Playing the World’s Oldest Playable Board Game

I’ve written a bit about board games here on Ancient Worlds. If you enjoyed my posts about Eldritch Horror and Ancient Horror, then you might enjoy this video from the British Museum, in which Irving Finkel, Assistant Keeper of Ancient Mesopotamian script, languages and cultures, takes on Tom Scott at the Royal Game of Ur:

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Cambridge Festival of Ideas: the Ancient Worlds Highlights

ideasfestThe Cambridge Festival of Ideas runs from 17th to the 30th October. It’s one of the University’s biggest outreach events and has a wide range of talks, workshops and events open to everybody. A lot of them are specifically design to be family- or child friendly. If you’re in or around Cambridge, I highly recommend checking it out.

The full events list is available on the website, but here are a few things that might be of particular interest to this blog’s readers:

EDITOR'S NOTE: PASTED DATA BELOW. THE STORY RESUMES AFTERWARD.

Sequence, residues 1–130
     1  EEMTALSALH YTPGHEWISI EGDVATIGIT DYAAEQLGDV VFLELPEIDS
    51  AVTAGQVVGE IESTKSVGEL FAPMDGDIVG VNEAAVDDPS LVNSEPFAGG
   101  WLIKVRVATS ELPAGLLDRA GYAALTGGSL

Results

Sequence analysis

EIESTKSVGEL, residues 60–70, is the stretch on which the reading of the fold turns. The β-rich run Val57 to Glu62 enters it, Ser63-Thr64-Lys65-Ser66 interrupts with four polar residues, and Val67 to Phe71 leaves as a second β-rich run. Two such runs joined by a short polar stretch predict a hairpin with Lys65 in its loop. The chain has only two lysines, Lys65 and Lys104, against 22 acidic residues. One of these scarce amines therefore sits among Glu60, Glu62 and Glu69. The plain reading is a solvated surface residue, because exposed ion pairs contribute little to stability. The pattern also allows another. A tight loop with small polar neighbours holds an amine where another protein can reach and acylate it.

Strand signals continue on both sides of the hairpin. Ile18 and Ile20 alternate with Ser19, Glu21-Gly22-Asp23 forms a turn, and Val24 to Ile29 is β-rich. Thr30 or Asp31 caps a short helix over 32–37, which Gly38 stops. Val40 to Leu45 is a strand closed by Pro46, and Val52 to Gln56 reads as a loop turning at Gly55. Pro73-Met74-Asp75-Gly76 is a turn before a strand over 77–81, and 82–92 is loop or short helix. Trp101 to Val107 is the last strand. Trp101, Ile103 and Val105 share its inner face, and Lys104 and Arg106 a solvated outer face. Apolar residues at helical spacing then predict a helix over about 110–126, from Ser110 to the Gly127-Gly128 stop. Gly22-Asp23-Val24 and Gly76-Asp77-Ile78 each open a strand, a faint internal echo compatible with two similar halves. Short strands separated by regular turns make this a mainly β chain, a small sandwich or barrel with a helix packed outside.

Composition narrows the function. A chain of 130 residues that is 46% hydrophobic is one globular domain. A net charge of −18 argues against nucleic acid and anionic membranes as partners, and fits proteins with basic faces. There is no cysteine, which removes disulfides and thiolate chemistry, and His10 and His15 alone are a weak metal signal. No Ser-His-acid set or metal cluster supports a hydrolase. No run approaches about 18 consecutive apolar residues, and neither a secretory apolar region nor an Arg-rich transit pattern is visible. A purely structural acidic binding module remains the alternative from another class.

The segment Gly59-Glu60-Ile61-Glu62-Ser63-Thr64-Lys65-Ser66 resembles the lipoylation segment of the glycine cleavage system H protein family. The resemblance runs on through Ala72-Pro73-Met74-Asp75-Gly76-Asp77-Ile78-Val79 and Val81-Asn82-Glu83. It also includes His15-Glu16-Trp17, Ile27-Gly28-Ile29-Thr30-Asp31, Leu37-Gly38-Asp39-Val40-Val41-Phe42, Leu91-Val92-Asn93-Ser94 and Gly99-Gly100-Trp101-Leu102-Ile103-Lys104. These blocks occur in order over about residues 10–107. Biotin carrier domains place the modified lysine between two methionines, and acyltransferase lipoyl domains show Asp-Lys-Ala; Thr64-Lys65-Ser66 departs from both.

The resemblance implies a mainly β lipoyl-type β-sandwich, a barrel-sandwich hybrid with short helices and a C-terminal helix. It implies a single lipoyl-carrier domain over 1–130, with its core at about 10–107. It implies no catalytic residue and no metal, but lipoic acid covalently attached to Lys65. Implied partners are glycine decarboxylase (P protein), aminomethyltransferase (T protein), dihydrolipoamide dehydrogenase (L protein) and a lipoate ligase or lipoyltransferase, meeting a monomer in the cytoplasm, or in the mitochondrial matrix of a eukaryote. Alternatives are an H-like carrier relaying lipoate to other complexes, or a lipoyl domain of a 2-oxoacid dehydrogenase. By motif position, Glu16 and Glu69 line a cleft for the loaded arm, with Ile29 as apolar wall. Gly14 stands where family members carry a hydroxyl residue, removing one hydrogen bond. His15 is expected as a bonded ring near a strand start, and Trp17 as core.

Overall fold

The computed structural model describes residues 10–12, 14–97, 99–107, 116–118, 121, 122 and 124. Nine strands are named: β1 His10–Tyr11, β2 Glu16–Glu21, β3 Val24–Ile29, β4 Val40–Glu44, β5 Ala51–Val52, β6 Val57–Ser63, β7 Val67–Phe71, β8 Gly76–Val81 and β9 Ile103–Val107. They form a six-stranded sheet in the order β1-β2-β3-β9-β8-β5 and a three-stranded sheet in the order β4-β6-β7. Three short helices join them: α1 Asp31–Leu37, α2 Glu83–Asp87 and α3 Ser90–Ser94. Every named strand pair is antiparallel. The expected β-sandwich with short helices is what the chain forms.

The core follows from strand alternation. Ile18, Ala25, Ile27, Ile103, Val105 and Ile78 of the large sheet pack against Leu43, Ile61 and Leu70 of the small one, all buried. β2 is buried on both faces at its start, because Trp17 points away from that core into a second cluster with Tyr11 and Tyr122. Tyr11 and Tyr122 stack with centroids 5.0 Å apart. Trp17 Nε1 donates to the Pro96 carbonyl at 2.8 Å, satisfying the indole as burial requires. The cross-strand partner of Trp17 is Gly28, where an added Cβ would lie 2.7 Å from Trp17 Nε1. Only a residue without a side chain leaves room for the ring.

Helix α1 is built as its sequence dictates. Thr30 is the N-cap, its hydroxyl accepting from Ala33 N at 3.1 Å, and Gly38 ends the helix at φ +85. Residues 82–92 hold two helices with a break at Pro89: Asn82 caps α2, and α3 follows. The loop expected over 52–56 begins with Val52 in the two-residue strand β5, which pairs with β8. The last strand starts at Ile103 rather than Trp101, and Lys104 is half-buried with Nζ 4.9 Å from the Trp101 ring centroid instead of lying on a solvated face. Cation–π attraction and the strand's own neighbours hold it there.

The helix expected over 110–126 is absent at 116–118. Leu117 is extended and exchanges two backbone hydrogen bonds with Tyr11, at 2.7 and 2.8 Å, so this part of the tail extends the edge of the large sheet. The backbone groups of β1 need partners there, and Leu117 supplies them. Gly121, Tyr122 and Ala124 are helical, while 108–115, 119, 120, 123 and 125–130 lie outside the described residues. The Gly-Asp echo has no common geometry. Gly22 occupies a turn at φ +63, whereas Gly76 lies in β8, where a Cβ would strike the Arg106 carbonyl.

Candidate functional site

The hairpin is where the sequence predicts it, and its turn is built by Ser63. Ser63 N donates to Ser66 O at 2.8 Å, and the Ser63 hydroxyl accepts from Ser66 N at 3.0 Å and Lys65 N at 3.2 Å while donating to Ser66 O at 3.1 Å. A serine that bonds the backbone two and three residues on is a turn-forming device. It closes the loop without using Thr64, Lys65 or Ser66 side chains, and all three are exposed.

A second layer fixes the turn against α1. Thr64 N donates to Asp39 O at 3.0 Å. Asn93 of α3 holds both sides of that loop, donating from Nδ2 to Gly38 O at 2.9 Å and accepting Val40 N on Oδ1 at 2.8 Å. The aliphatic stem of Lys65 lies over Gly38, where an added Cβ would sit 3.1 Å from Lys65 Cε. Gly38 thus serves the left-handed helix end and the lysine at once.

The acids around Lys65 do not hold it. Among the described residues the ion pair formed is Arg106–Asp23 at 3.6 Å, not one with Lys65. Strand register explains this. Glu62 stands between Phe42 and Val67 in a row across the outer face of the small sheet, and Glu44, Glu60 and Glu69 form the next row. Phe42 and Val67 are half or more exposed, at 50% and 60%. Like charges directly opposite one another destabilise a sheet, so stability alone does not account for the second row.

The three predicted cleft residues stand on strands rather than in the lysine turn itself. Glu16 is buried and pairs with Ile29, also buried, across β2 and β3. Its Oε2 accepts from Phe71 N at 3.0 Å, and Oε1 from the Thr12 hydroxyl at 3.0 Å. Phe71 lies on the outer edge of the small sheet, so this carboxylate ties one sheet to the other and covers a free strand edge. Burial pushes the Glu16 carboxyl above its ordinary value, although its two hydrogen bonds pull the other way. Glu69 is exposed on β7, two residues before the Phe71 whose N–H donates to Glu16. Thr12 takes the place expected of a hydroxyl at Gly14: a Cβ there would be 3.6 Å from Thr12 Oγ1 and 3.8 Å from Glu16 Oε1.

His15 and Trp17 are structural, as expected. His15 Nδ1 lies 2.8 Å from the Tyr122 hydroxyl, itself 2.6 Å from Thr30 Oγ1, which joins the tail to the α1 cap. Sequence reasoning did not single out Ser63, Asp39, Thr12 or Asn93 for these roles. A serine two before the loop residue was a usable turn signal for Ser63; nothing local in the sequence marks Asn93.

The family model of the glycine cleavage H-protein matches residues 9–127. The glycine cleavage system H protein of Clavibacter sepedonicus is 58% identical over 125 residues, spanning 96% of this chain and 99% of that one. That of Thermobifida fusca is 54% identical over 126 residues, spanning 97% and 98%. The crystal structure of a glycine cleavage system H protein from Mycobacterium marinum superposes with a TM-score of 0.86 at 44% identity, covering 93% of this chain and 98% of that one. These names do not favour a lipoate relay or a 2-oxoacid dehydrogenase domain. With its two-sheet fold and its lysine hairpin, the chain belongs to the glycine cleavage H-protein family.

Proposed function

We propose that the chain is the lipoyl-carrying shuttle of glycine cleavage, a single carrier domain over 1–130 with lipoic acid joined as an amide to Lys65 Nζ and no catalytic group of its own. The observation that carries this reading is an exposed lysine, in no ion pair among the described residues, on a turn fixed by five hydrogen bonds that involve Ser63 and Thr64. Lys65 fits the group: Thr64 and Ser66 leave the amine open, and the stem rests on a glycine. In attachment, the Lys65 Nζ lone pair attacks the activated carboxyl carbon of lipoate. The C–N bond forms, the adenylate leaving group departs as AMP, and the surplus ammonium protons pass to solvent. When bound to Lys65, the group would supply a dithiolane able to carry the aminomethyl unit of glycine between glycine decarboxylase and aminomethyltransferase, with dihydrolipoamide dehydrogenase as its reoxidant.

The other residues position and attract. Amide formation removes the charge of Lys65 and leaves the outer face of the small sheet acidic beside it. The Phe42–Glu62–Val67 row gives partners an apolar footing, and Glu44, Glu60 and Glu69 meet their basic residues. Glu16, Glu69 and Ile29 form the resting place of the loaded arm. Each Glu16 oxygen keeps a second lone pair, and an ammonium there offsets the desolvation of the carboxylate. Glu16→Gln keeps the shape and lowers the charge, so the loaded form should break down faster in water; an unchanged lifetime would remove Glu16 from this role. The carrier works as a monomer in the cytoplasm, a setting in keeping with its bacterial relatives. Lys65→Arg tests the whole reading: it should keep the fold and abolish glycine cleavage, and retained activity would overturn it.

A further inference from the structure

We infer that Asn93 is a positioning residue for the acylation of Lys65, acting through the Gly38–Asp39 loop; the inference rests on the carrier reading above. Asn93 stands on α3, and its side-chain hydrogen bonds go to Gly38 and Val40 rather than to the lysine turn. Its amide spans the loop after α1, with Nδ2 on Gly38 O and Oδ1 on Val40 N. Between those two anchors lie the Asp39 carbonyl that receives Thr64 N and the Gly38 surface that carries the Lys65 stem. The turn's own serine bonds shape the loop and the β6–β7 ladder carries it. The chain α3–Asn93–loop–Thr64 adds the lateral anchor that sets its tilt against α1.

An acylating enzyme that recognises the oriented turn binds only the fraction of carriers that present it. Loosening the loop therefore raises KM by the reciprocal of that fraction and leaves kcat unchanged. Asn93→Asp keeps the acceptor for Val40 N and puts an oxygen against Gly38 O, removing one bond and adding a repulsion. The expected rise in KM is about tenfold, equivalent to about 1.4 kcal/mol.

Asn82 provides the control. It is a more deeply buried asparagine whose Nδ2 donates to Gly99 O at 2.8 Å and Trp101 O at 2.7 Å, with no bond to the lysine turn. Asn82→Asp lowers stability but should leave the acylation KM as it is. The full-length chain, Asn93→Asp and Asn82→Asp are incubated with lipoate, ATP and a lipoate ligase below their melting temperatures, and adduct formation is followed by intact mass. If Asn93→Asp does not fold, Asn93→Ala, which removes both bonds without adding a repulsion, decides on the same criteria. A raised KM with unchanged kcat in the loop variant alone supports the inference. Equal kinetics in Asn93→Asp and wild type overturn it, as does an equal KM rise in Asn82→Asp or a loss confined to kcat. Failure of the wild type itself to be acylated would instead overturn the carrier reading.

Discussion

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Making Ugaritic tablets 1

I’m about to start a research project into the context of the emergence and use of the Ugaritic writing system in the Late Bronze Age city of Ugarit, on the coast of what’s now Syria. This will be a very interdisciplinary undertaking, blending linguistics, epigraphy, ancient history and archaeology, and is something I’m very excited about. The Ugaritic language and script, though, is not one I currently know (though I do have some experience with Phoenician, which is a related language, but uses a different writing system). What this means is that I have the happy task of learning Ugaritic and its alphabetic cuneiform script (and a bit of Akkadian, just for a bonus).

It quickly became apparent as I practised writing out the cuneiform that it’s slow and cumbersome to have to keep drawing the little triangles on paper and that it would be much more efficient – and authentic – to use a stylus and clay. For my first attempt I used plasticine and a makeshift stylus made out of Lego.


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